Austin Romine slides past Yan Gomes #10 of the Cleveland...

Austin Romine slides past Yan Gomes #10 of the Cleveland Indians to score a run in the sixth inning of a game at Yankee Stadium. (June 3, 2013) Credit: Jim McIsaac

All Austin Romine wants to do is play. And the rookie catcher is willing to bide his time until his name is called.

The way he's hit the ball lately, Yankees manager Joe Girardi may have no choice but to move up the timetable.

Entering Tuesday night against the Angels, Romine was batting .355 with a home run and four RBIs in his previous 11 games. He started the season 9-for-68 (.132) with no home runs and just two RBIs.

Romine, who got the start in place of Chris Stewart on Tuesday night, went 1-for-3 with a sacrifice bunt.

The adjustments to his game, however slight, were both mental and physical. "I'm just able to slow [the game] down a little bit more," said Romine, who's appeared in 44 games. "The more I get to play, the easier it is to do that."

A small adjustment in his swing also has contributed to his recent success.

"I've tried to shorten it up just a little bit more to make better contact," Romine said. "I've been getting hits here and there, so I think just shortening up the approach and sticking with what I've been doing will help."

Whatever Romine has done to improve his hitting has been enough to impress Girardi, who plans on playing Romine and Stewart the rest of the season.

"We think he's made some really big improvements in his time here and we're happy with the way he's playing," Girardi said of Romine. "I don't feel like I need to run Stewart into the ground."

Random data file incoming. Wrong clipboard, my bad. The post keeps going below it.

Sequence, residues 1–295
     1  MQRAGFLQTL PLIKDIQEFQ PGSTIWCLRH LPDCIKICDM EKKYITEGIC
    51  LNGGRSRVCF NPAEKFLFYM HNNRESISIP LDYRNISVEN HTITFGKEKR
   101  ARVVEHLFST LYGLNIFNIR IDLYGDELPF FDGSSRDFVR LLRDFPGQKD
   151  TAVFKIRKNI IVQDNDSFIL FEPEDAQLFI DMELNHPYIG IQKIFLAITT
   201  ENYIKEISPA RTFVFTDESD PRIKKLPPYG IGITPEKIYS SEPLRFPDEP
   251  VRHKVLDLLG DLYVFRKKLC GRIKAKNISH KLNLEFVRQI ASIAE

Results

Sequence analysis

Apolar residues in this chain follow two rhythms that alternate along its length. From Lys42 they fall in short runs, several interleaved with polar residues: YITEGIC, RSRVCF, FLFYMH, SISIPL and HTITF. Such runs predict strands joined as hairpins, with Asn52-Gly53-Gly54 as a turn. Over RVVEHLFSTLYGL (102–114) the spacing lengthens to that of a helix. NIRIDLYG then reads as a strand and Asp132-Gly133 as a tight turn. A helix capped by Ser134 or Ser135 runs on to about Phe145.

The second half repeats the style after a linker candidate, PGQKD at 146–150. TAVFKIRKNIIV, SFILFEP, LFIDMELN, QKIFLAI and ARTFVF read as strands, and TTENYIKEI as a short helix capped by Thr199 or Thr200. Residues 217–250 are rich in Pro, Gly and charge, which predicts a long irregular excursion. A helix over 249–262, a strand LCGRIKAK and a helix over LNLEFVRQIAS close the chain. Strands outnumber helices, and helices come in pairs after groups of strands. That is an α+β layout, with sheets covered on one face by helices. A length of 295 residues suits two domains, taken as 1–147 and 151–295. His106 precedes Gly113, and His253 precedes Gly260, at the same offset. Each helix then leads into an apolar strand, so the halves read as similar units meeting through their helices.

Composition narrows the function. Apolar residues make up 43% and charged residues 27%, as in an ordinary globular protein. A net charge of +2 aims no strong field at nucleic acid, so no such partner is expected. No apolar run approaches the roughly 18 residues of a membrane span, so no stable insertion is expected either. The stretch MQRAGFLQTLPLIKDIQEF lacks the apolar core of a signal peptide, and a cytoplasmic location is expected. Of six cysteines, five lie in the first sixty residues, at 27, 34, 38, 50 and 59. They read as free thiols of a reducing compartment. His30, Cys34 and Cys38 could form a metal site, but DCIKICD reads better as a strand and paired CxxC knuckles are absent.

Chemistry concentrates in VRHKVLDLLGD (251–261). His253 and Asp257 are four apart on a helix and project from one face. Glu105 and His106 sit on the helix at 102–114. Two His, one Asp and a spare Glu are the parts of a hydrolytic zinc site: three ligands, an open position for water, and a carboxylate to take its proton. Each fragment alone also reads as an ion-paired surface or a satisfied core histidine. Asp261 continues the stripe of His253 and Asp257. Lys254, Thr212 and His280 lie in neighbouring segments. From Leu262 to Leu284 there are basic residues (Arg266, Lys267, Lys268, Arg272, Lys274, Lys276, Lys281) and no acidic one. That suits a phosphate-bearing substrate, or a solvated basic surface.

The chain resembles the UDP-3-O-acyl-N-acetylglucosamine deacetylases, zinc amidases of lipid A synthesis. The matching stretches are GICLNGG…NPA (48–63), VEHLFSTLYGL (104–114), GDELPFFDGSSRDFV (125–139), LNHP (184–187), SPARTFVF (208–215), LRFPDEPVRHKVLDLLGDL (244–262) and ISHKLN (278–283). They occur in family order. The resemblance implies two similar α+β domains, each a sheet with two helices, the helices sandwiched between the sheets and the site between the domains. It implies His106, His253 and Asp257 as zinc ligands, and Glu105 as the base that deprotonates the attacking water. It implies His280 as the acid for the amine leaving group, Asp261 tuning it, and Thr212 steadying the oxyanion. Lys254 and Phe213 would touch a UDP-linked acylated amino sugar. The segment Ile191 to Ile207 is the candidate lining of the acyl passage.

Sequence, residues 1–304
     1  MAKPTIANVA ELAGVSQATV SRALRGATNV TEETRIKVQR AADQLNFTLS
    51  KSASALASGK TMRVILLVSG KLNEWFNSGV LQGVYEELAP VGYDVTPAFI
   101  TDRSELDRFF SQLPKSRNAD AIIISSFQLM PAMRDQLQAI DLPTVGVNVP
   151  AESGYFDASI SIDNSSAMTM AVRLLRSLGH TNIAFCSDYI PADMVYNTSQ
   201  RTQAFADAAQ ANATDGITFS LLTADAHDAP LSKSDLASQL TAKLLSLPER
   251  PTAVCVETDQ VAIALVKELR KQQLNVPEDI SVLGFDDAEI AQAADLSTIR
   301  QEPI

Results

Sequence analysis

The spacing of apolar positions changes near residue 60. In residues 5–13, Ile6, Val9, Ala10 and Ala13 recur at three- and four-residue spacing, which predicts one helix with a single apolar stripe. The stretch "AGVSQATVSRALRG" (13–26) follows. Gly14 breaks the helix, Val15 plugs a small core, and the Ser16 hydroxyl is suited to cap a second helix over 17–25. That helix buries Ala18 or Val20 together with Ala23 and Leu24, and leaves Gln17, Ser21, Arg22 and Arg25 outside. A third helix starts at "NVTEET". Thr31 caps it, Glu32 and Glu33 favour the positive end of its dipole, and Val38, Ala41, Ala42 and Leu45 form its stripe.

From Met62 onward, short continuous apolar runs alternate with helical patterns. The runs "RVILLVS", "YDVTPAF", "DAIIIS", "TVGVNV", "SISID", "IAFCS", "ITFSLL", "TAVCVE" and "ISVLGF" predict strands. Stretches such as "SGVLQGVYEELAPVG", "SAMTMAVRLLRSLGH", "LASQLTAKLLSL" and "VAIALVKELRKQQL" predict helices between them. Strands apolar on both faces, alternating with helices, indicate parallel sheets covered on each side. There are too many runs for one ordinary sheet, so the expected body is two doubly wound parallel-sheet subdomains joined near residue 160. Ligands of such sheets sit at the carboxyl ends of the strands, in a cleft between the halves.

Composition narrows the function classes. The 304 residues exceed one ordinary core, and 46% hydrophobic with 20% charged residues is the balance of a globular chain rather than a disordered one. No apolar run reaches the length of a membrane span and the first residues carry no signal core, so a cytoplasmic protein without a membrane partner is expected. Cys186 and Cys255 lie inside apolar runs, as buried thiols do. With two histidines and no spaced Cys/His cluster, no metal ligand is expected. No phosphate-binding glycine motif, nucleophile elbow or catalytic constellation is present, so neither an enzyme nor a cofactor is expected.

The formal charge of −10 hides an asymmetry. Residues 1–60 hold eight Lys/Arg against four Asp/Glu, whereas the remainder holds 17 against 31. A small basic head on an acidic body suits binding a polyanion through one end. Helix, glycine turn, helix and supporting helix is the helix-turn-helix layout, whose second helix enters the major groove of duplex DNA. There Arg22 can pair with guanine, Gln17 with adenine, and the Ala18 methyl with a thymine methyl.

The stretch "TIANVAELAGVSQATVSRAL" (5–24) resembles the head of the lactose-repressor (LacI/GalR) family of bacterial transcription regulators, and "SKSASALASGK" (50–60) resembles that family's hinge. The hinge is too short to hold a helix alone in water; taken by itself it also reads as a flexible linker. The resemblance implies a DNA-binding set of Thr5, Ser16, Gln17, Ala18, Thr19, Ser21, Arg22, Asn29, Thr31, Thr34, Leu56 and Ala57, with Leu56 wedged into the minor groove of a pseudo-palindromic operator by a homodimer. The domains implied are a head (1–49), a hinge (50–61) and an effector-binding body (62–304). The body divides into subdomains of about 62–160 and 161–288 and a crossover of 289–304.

Keeping both of his catchers fresh and healthy has become a priority for Girardi, especially with Francisco Cervelli serving a 50-game suspension for his connection to the Biogenesis scandal.

Stewart was hit on his left thumb with a backswing in Monday night's 2-1 win over the Angels. X-rays were negative and Girardi said Stewart is fine.

"I can keep them both involved and active," Girardi said. "And a lot of times when you can do that, you can get more productivity . . . I talked about playing Romine a little bit more. But Stewart is going to catch a lot."

When Stewart is catching, Romine is making sure he is doing what it takes to be ready. "I'm still working when I'm not catching," Romine said. "I'm still doing catching drills and hitting a little bit more."

Even if Romine's playing time doesn't increase the final six weeks of the season, he understands the process and is willing to do whatever is asked of him.

"I kind of know my role. Chris is the starter," Romine said. "I just come in, look at the lineup and if I'm in there, I come ready to play. If not, I do my work and stay ready to play when I do get the call."

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